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Townsend Security Data Privacy Blog

The Future of Active Security Monitoring on the IBM i

Posted by Luke Probasco on Jan 24, 2017 8:19:21 AM

Active monitoring is one of the most effective security controls an enterprise can deploy. In fact, a large majority of security breaches occur on systems that have been compromised days, weeks, or even months before sensitive data is lost. A recent Verizon Data Breach Investigations Report indicates that a full 84 percent of all breaches were detected in system logs.  By actively collecting security logs in real-time, organizations can not only monitor security events, but also prevent a data breach before it starts.  I recently sat down with Patrick Townsend, to discuss log collection and active monitoring on the IBM i.

Hi Patrick, can you give our readers an overview on the importance of collecting and monitoring security logs on the IBM i?

The Future of Active Security Monitoring on the IBM i One of the most effective things that you can do to prevent a data breach is to deploy an active monitoring solution, sometimes also known as system logging.  You’ll find active monitoring at the top of all cyber-security lists of things to do – because it is effective.  Active monitoring is key to a strong security posture, for anybody.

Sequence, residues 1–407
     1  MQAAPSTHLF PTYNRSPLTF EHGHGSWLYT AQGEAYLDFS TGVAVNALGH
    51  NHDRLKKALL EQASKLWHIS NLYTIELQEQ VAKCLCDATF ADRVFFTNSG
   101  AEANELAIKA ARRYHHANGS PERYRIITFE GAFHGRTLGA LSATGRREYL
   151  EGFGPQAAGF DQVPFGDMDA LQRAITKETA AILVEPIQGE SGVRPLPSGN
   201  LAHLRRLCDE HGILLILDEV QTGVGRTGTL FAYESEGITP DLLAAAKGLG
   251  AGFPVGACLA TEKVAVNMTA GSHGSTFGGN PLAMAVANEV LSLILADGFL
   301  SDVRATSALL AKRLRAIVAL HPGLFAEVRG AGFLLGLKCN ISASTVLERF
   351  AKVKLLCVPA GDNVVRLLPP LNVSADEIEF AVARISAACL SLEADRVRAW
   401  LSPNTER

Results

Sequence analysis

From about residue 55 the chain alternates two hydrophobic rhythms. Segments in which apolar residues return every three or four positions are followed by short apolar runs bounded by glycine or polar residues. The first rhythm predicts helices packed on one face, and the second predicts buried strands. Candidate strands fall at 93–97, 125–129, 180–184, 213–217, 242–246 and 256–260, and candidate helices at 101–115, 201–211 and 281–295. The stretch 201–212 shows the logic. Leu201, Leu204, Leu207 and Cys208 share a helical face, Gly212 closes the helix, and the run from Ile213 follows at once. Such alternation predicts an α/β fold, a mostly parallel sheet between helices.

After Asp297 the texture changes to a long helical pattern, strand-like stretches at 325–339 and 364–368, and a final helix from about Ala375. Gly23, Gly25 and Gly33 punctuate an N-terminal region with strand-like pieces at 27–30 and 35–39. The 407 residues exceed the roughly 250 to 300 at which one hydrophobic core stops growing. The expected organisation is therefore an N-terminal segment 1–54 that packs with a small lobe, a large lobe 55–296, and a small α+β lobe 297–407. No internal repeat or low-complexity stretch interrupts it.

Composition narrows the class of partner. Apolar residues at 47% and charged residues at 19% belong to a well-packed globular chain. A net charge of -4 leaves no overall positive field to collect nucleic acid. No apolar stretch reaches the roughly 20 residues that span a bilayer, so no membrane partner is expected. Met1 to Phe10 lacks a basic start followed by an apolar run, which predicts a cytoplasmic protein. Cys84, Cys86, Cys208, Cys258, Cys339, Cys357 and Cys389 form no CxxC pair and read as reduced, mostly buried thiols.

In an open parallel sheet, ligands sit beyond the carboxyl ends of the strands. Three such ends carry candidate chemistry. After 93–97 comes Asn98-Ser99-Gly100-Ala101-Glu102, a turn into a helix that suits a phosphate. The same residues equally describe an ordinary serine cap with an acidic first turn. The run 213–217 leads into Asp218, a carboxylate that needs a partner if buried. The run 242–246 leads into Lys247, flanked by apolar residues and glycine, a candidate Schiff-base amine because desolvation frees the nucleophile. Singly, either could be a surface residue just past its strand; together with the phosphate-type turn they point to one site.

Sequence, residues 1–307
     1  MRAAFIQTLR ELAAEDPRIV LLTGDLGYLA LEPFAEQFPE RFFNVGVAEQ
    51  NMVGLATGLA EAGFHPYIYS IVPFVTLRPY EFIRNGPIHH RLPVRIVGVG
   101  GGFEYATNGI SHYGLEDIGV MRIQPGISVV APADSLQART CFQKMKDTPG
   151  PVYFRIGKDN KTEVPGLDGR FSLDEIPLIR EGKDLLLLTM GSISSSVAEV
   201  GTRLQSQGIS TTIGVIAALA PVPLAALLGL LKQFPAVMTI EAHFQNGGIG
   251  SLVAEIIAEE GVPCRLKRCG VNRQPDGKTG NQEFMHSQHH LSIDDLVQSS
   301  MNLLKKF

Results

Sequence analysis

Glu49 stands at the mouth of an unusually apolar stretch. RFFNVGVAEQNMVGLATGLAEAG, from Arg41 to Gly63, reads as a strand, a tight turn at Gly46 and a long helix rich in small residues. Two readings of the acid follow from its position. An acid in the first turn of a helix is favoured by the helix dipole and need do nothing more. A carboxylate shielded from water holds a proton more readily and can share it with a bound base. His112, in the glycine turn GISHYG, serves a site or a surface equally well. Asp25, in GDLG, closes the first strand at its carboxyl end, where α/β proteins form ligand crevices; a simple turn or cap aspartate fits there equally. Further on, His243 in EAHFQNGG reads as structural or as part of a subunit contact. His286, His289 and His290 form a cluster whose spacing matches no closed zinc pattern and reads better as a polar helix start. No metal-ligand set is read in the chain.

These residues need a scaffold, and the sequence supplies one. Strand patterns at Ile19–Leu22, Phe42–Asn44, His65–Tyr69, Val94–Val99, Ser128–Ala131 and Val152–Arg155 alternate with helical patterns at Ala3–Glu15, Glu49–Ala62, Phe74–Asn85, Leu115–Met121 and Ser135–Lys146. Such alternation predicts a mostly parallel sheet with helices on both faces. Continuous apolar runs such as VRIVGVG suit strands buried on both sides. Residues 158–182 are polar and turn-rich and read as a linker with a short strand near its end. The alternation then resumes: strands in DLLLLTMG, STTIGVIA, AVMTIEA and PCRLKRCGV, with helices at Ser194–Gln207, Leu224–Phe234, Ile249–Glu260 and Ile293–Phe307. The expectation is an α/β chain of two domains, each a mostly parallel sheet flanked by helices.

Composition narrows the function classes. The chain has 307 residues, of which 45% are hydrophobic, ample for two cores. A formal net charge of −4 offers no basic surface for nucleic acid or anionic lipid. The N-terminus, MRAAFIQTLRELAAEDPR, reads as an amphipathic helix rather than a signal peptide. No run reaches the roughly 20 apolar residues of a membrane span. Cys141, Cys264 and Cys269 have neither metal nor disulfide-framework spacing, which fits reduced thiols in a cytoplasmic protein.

Today, we all know that there is no longer a true perimeter and that our systems are at risk.  Luckily, active monitoring can help.  Here are are some key principles that organizations need to understand.  First, an active monitoring solution needs to involve a log collection server or SIEM solution (IBM Security QRadar, Splunk, LogRythm, etc.) to collect security events across the entire enterprise and actively detect threats.  Second, there needs to be real-time collection and monitoring of security events.  Rather than scooping up the security events once or twice a day, it is imperative to be collecting these events in real-time. When you collect logs across the entire enterprise, a SIEM can provide a lot of intelligence to identify patterns and anomalies – which will identify a potential attack.  The final critical components are good reporting, query, and forensics tools.  SIEM solutions also give you the ability to quickly run reports and analyze suspect data.  This is important for two reasons.  If you are having an attack you need to identify quickly where the attack is originating and how it is happening.  This is essential in order to know how to remediate it.  If you aren’t able to pinpoint the problem, it is very likely that you are going to be attacked by the same methods again.